Challenges faced by universities

Saturday, 17 June 2017 00:00 -     - {{hitsCtrl.values.hits}}

There is lot of food for thought for politicians, educationists and intelligentsia on the acceptance speech made recently by the newly appointed Vice-Chancellor of the University of Western Australia (UWA), Professor Dawn Freshwater. The highlight of the speech was the challenges to be faced which she referred to as “the greatest ever known”.Untitled-3

“There is global political and economic uncertainty and the emergence of new technologies. The world is changing rapidly for current and future students. Education and skills development have never been more important,” she said.

Elaborating on the challenges, she reminded that we live in times of great turbulence, both natural and man-made. “We face a tyranny of continuous partial attention, driven not only by disruptive technologies but also be distractive technologies. It becomes increasingly difficult to apply our selective attention and the skills to focus, competing as we do for attention,” she said.

She opined that there is an increasing economic significance of knowledge produced through research and university education, which raises interesting challenges around the fusing of commerce with science. The shift from the ideals of a traditional university to an entrepreneurial university has been widely characterised as the move from an era of knowledge which was discipline-based and instigated by the researcher, to one in which knowledge production is problem-based, interdisciplinary and where multiple truths prevail. The later version of knowledge creation has much in its favour.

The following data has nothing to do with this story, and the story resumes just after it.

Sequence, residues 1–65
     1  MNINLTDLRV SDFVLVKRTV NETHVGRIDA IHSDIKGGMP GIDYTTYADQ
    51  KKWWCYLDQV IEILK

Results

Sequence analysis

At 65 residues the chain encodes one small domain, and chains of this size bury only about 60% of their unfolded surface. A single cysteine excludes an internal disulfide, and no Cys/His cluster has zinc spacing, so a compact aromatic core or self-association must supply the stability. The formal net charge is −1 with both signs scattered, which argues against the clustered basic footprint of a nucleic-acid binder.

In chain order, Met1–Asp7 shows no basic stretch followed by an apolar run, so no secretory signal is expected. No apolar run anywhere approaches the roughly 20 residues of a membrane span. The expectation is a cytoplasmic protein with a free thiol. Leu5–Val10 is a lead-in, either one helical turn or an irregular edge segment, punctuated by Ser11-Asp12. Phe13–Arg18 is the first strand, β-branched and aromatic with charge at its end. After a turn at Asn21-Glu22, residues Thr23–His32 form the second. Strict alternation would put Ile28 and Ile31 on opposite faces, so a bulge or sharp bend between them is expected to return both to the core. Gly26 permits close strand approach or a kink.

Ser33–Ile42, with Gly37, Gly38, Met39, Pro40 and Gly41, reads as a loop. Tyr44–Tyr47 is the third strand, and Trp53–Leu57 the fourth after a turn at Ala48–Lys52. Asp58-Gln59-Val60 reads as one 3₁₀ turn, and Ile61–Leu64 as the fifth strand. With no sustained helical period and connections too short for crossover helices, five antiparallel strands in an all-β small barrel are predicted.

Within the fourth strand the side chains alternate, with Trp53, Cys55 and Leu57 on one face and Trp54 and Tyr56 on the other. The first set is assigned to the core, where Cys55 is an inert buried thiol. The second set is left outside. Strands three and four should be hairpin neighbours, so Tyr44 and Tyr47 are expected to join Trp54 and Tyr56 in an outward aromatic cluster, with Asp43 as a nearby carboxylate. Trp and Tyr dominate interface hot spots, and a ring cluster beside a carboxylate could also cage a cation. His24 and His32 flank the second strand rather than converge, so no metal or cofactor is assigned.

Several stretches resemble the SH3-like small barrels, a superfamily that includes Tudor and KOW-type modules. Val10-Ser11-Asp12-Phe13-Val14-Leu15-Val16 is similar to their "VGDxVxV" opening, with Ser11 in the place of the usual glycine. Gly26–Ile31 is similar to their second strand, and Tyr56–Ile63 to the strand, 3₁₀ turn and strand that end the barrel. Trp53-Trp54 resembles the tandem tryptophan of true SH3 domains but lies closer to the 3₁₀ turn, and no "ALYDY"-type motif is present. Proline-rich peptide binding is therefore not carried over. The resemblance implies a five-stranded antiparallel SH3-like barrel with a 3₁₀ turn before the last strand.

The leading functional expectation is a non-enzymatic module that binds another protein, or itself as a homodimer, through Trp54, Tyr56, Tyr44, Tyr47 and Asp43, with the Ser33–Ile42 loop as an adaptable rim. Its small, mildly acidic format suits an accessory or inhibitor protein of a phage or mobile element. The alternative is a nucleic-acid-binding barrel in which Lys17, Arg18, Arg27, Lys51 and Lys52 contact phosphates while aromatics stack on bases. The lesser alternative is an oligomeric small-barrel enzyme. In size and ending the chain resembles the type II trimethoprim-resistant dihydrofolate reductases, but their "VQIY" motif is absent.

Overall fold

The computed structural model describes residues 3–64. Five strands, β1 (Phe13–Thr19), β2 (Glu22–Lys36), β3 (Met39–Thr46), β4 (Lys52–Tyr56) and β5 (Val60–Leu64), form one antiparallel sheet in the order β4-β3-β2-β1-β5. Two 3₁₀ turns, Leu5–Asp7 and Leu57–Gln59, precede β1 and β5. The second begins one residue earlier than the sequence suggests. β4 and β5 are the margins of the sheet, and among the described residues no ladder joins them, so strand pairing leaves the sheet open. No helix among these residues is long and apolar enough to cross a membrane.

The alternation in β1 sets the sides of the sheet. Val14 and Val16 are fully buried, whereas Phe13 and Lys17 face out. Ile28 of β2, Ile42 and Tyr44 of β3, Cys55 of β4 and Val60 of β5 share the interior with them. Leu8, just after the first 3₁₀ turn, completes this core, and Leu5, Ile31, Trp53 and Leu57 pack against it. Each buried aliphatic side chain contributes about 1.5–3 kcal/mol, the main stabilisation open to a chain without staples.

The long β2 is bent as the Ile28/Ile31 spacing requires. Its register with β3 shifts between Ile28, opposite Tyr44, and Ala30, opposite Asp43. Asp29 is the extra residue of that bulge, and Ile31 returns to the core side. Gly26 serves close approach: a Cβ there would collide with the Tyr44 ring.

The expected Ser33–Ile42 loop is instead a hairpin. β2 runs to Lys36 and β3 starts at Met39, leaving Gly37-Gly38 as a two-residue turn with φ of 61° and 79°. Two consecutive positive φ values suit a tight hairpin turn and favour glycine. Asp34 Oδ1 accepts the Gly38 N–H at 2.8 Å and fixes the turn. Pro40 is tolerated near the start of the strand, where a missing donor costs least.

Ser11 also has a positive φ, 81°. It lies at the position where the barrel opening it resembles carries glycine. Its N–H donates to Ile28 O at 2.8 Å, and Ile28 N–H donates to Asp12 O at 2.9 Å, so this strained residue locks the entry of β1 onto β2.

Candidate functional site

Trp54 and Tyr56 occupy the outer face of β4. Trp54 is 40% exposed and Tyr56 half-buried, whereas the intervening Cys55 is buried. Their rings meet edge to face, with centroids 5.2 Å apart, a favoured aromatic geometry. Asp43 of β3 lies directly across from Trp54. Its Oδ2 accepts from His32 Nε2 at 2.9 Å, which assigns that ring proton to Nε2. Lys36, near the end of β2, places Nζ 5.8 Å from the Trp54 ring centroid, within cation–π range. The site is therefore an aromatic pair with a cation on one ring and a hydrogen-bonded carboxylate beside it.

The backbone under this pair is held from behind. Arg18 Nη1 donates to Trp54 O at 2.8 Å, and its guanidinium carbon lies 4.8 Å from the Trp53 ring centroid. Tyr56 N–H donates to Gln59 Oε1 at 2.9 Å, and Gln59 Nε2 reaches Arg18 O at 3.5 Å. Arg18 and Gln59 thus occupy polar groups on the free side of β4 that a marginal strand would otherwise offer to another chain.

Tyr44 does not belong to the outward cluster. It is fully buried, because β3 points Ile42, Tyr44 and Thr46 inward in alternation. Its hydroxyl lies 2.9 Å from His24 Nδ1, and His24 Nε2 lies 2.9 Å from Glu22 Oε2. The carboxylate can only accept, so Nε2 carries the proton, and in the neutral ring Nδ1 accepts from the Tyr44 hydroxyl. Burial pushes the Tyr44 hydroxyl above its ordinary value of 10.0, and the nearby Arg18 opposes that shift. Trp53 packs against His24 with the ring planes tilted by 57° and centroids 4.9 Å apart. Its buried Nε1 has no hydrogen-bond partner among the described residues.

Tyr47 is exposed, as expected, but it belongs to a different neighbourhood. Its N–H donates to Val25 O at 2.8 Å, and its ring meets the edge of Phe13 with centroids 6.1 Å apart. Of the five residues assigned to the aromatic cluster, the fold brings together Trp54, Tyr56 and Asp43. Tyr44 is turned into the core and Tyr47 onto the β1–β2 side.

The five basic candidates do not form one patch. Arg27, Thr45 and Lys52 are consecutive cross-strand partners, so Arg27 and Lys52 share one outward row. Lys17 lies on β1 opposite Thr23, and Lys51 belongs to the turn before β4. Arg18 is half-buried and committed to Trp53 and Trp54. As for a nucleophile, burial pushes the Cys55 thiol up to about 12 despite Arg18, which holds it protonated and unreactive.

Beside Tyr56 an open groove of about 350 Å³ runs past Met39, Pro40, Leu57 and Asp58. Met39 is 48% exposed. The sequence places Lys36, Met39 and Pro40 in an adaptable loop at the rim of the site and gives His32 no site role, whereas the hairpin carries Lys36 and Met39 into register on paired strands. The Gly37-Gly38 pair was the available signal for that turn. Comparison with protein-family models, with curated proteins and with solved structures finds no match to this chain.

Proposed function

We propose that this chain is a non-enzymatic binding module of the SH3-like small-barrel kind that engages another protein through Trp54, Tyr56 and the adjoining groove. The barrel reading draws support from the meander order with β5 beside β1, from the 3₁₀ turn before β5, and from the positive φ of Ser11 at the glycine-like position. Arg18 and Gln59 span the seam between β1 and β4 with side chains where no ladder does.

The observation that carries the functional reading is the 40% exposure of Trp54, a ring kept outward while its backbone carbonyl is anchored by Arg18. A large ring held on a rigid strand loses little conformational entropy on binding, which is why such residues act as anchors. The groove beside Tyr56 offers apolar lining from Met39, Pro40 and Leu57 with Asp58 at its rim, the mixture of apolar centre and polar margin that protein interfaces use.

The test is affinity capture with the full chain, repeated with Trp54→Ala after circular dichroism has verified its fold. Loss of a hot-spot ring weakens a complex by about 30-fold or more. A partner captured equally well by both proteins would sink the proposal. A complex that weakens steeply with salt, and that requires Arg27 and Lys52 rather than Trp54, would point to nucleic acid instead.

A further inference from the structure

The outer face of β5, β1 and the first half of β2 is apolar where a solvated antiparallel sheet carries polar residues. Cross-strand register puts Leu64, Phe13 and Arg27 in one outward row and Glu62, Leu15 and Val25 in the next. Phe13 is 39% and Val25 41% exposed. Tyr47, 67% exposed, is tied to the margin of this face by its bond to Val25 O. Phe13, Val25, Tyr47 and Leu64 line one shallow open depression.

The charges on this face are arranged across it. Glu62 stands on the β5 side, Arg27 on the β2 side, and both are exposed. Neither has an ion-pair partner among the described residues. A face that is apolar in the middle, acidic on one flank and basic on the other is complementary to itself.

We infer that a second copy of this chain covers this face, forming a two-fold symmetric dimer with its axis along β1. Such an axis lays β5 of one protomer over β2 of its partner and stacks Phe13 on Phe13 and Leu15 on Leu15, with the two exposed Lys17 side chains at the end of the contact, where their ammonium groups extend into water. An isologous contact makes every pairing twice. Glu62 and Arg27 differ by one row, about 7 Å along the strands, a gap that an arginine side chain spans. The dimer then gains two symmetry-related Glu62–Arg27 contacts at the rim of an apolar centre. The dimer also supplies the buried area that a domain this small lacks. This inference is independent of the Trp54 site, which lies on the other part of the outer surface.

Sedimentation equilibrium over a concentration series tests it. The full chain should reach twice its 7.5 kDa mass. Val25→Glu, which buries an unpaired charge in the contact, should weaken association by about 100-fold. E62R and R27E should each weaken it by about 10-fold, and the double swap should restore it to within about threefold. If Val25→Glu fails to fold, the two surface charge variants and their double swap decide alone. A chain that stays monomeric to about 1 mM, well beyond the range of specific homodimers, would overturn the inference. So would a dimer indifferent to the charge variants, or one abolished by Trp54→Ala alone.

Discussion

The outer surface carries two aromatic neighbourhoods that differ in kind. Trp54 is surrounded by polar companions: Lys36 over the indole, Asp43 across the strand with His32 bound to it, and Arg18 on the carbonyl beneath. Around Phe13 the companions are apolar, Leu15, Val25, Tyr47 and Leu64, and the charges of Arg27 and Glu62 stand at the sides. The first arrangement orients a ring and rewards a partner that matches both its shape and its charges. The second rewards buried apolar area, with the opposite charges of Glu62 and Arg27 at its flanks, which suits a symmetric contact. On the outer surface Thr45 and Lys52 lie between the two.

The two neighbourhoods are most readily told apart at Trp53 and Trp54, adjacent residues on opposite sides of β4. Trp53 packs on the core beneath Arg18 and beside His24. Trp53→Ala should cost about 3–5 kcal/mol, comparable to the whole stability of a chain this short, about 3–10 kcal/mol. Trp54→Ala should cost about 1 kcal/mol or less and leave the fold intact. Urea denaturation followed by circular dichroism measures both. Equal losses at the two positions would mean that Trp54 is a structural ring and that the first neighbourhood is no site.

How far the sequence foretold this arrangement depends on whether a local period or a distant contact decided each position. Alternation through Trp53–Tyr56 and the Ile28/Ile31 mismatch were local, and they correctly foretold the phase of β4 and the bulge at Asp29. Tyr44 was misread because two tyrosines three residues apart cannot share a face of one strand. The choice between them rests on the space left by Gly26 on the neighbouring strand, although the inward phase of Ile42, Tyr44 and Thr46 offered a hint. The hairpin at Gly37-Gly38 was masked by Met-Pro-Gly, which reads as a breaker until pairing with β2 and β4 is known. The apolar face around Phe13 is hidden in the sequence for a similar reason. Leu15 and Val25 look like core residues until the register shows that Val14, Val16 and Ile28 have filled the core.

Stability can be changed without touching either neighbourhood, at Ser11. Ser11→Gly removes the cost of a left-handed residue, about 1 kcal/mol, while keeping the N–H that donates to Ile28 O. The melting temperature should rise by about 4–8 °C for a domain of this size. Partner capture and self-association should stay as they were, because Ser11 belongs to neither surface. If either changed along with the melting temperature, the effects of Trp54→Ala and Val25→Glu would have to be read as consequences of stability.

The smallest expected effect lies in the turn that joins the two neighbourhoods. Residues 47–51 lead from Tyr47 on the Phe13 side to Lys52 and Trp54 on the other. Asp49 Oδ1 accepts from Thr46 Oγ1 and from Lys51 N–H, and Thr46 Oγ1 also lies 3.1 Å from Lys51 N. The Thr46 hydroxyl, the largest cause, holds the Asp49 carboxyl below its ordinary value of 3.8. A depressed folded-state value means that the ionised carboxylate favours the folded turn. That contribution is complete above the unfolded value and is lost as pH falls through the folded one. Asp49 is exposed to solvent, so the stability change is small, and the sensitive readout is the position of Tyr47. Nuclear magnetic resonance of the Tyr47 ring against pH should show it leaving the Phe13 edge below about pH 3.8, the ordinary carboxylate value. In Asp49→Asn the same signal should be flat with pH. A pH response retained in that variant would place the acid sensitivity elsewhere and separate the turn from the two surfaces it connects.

On research conducted by universities, she stated that it is directed towards problem solving and serving public good, rather than fuelling theoretical debates associated with abstraction. She felt that international estimations of research excellence are becoming more refined, translating what it means to be world-class into tangible outcomes for communities. 

Pointing out that universities are educating students for jobs that do not yet exist, she stressed that universities cannot simply exist to teach students but should seek to frame the future and to help students manage the pace of change and uncertainty. 

“Universities cannot simply exist to teach students, we seek to frame the future and to help students manage the pace of change and uncertainty. Students and employees will need to be able to solve problems we have never seen before. We have an obligation to challenge the status quo.”Untitled-4

Describing universities as “privileged institutions”, she said that people have entrusted the universities to undertake teaching, research and community engagement. “I am acutely aware of the transformative power of education, for it is my own story. I was the first in my family to go to university and I learnt resilience,” she added.

“Education helps us discover long-lasting values so we do not cling to calculated formulas or repeat slogans. UWA approaches the future as it always has, with a global mind and a caring heart. Our community has high expectations because they want to see the best we can,” she said

Touching on leadership, she said that the primary task of any leader is directing attention to where it needs to go, and is an important part of connecting culture with leadership, which demands humility, insight and awareness.